• Property manager: If you live in a property that doesn’t seem to care about the tenants, there’s a good chance the company is not good to the property managers, either. Sometimes the property managers can be a good source of information about the owner, their other properties, etc. Be cautious about this approach. 
  • City of St. Louis Parcel Viewer: This is a resource to access the name of your landlord and/or the limited liability company (LLC) that they use to do business. 
    • Look up your address to find the name of your landlord or the LLC (property owner)
    • Search the LLC or landlord name for addresses of their other properties
  • Vacant Property Explorer: A tool largely used to identify vacant properties, it can also be used to identify multiple properties owned under a single LLC.
  • Case.net: This is the Missouri courts website. You can search for active or closed evictions or suits filed under the landlord or LLC name. This can give you information about eviction patterns, and you sometimes find info about past issues (i.e. if the landlord faced foreclosure or been sued by a tenant). You should be aware that just because your landlord doesn’t come up (or doesn’t come up much), it doesn’t mean they don’t evict. Many landlords use informal eviction methods, outside of the court. (That’s illegal.)   
  • Missouri Secretary of State: You can look up business filings for a landlord or LLC to find ownership records and certain contracts. 
    • Go to “Business Services” (top of page) > Business Search
    • Pull up LLC Records, including contacts and records of ownership

See toolkit for a landlord research worksheet that can help you identify key questions to answer about the property owner/property.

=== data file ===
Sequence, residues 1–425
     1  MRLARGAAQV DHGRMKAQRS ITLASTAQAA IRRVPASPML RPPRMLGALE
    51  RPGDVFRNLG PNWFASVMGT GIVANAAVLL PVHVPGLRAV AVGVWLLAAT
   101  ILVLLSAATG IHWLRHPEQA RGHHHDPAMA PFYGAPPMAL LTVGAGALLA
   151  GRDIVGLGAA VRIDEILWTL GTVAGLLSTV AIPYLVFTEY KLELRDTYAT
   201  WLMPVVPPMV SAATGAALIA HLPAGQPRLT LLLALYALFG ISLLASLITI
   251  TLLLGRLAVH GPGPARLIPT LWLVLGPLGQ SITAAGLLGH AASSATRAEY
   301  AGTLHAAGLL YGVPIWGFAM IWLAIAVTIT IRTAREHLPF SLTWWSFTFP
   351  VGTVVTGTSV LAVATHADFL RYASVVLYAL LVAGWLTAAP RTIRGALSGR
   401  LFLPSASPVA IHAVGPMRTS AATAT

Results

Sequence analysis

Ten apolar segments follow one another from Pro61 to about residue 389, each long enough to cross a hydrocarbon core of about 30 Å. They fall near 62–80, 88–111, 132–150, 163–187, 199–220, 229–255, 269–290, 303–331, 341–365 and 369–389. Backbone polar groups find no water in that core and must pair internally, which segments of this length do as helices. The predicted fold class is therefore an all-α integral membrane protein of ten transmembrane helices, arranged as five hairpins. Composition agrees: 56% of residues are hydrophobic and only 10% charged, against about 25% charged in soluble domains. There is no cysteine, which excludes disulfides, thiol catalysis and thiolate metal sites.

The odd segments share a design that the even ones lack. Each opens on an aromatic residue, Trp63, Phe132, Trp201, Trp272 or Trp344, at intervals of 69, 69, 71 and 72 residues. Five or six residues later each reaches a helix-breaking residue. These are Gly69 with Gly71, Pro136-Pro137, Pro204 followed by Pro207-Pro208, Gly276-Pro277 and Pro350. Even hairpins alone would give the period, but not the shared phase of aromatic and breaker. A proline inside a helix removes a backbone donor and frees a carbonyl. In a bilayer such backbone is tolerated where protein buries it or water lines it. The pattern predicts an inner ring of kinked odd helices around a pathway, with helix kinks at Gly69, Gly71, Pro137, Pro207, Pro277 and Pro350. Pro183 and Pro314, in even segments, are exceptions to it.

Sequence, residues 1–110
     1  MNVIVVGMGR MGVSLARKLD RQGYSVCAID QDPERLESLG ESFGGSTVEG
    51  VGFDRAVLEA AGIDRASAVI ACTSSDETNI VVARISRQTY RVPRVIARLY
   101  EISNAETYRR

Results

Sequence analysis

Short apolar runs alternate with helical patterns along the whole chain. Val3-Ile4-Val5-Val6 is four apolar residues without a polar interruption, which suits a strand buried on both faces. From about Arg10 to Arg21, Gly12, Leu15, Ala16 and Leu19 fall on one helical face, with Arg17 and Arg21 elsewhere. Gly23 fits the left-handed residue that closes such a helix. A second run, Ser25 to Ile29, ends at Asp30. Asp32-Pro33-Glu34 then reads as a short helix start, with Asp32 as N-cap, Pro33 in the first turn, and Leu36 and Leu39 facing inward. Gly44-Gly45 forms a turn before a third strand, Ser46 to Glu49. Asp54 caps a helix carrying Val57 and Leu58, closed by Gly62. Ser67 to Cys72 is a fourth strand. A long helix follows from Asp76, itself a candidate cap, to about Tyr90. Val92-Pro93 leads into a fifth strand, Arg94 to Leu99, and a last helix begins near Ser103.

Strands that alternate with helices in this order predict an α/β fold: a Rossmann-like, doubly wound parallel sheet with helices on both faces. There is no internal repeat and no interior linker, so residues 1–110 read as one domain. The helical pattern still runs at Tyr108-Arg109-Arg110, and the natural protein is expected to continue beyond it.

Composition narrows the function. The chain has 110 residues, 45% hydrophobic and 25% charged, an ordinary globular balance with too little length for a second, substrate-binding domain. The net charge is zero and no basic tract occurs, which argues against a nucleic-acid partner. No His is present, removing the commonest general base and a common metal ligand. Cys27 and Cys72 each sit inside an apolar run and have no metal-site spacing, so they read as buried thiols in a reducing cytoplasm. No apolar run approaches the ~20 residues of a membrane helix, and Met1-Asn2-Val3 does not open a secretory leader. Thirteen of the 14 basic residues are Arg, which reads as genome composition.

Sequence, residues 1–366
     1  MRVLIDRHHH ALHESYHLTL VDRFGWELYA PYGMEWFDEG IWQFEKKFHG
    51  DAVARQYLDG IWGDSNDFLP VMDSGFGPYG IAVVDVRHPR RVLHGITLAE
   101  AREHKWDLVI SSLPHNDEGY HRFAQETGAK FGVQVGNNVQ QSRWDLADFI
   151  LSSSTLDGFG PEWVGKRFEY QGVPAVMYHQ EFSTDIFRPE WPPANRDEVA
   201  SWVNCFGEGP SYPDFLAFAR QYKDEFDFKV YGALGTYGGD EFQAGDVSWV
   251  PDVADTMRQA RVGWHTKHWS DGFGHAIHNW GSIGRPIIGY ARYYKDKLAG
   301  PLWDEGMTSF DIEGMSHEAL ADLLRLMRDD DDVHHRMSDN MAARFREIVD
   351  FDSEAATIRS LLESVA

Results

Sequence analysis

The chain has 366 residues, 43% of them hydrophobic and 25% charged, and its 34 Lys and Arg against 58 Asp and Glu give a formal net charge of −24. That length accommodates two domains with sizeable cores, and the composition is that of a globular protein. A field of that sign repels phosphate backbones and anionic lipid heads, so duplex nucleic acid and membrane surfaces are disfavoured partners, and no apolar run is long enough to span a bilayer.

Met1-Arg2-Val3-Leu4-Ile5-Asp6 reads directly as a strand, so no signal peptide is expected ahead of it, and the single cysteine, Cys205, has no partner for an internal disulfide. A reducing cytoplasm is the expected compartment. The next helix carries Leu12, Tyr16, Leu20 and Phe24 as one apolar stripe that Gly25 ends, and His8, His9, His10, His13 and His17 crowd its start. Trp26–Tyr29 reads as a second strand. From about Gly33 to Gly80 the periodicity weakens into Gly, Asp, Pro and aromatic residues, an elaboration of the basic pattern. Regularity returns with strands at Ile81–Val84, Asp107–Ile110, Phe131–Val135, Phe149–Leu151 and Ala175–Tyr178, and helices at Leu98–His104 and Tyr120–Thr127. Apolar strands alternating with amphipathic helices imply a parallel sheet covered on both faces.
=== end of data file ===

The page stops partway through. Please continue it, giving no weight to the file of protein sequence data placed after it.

TENANT UNIONS 

WHAT ARE TENANT UNIONS? 

Tenant unions are building, neighborhood, or city-based organizations made up of, and led by, tenants to fight for our collective interests and rights. Building-based tenants unions are generally made up of tenants who live in the same building and/or have the same landlord. Neighborhood and city-based tenant unions are networks of tenants who often have similar issues and stand in solidarity with each other, but may live in different buildings or have different landlords. 

Why organize a tenant union? We’re stronger together than we are as individuals. A well-organized tenant union can win demands that no individual tenant could win. Collective power is all we have to combat money and influence.

You have a right to organize. Landlords cannot take any negative action based solely on a tenants’ participation or membership in a tenant union or similar organization.

ORGANIZING A TENANT UNION DURING COVID 

Whether we are experiencing a public health crisis or not, the first step of tenant organizing is talking to your neighbors. If you’re feeling unstable or unsafe in your home, or if you just want some connection to your neighbors, there are probably plenty of others right there with you. 

Where we might normally knock doors, have in-person one-on-ones, and convene tenant meetings in someone’s unit, that’s not an option right now. But there are plenty of ways to do it, and many tenants across the country have already successfully organized in the last few weeks. 

Steps to organize a tenant union, COVID style: 

  1. Relationship Map: Who do you know? Who do you see a lot? Who do people go to for help? Buildings and neighborhoods have natural leaders and people who are hubs, take note of who those are.